Hundreds of Latino high schoolers from across the state of Texas converged at Austin College this week to take part in the National Hispanic Institutes’ annual Great Debate tournament.


The three-day competition began on Thursday and welcomed roughly 300 high school students to stay on AC’s campus. Freshman students competed against one another across multiple categories, while upper classmen served as coaches and advisers. Tournament Director Daniel Gonzalez said the eight teams competing in this year’s debate were all virtually full and tackled the central theme of social labels and how they influence the Latino community.


“It’s really exciting,” Gonzalez said. “You can feel the competition in the room. I feel like, this year, we have teams that are really well prepared and very evenly matched.”


NHI Assistant Project Administrator Jorge Lee said the debate is an opportunity for young Latinos to learn valuable public speaking, research, teamwork and leadership skills. Lee said those skills allow teams to do well, but added that the ultimate pay off is seeing the experience empower students.


“You can have a kid who starts off not saying a word, not engaging in the discussion at all, to moving to the front, posing questions and lifting their team up,” Lee said. “That’s my favorite part about the program. It works. It brings students out of their shells. It makes them more confident, more eloquent and more voluble speakers.”


Andrea Rodriguez, a sophomore at St. Dominic Savio Catholic High School in Austin, said her team traveled from the capital city to Sherman Thursday and arrived just in time for the familiar pre-tournament rundown and to hear all the chants of their competitors.


“It was pretty adventurous,” Rodriguez said of the trip. “Our bus broke down actually, like 30 minutes away from Sherman. So we had to get a new one, but it all worked out in the end and we made it in time.”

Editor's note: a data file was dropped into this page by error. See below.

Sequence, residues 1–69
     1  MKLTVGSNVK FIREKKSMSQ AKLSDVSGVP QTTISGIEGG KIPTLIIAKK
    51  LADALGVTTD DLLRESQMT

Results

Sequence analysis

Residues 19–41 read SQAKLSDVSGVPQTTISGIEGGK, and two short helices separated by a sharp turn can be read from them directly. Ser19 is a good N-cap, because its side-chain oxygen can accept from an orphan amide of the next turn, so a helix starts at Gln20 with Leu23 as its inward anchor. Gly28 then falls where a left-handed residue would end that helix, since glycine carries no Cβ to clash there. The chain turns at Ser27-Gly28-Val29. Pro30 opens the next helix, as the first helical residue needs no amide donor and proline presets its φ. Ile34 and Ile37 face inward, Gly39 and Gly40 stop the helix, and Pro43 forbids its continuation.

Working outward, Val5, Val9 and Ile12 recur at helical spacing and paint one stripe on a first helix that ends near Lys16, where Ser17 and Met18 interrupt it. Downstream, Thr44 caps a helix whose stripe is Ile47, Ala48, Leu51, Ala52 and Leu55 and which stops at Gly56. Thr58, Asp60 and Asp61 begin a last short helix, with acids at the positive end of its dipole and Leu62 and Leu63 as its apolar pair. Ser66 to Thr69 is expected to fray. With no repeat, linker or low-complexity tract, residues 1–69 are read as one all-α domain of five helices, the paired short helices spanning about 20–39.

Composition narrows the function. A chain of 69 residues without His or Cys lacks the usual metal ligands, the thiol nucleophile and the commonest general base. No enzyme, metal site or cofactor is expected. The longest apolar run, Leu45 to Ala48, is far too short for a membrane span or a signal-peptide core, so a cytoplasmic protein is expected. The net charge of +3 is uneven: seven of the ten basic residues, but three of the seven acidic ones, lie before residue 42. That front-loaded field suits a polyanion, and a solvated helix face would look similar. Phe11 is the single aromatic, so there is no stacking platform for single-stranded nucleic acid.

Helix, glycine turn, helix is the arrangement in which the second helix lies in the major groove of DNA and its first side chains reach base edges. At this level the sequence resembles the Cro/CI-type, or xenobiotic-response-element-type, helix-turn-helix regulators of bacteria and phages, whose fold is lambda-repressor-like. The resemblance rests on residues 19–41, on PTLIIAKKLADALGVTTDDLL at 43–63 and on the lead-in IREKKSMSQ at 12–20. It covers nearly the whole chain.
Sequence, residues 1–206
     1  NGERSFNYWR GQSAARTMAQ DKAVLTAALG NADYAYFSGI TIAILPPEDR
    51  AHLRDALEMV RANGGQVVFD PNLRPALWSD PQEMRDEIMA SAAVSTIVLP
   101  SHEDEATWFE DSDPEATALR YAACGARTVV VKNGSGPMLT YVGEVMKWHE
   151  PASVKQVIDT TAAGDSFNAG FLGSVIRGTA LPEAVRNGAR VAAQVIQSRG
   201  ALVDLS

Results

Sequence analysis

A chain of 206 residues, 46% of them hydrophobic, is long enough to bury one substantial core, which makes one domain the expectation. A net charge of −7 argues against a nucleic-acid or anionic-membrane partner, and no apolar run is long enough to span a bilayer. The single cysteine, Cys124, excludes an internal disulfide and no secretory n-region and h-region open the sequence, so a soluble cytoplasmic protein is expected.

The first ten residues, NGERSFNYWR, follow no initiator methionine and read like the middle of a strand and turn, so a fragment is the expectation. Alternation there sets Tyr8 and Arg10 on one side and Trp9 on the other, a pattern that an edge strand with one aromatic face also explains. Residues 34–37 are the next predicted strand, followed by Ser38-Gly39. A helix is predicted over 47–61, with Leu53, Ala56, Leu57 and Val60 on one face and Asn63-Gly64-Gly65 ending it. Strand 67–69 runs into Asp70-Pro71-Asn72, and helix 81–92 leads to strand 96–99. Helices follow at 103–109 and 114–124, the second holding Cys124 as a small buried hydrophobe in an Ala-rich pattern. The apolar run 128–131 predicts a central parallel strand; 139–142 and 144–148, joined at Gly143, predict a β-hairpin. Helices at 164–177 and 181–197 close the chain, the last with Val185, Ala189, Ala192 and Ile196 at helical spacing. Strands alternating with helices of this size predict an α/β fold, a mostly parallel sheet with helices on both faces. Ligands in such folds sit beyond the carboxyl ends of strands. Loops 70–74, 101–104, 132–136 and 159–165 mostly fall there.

Rodriguez said she and her teammates began to prepare for the competition in March by holding weekly workshops and practice sessions.


“The first few meetings, we just worked on the whole team’s speaking skills,” Rodriguez said. “Then, we broke into categories, like cross examination, mock trial, oratory and extemporaneous speaking.”


Rodriguez said the U.S. Latino community finds itself at the heart of many important issues, but she was especially hopeful her fellow students would use the skills they developed through the Great Debate and the NHI program to improve circumstances in other Latino nations.


“The first thing that comes to mind are all of the natural disasters that are happening,” Rodriquez said. “In Guatemala, a volcano just erupted. In Puerto Rico, they had Hurricane Maria and then the earthquakes in Mexico. Really, I feel like we need to unite and offer as much help as we can to those communities.”


The high school sophomore said she hoped the tournament would empower her fellow students to do great things and that the world would only see the Latino community’s influence grow as its young people do too.


“We’re really strong and we’re equal like everybody else,” Rodriguez said.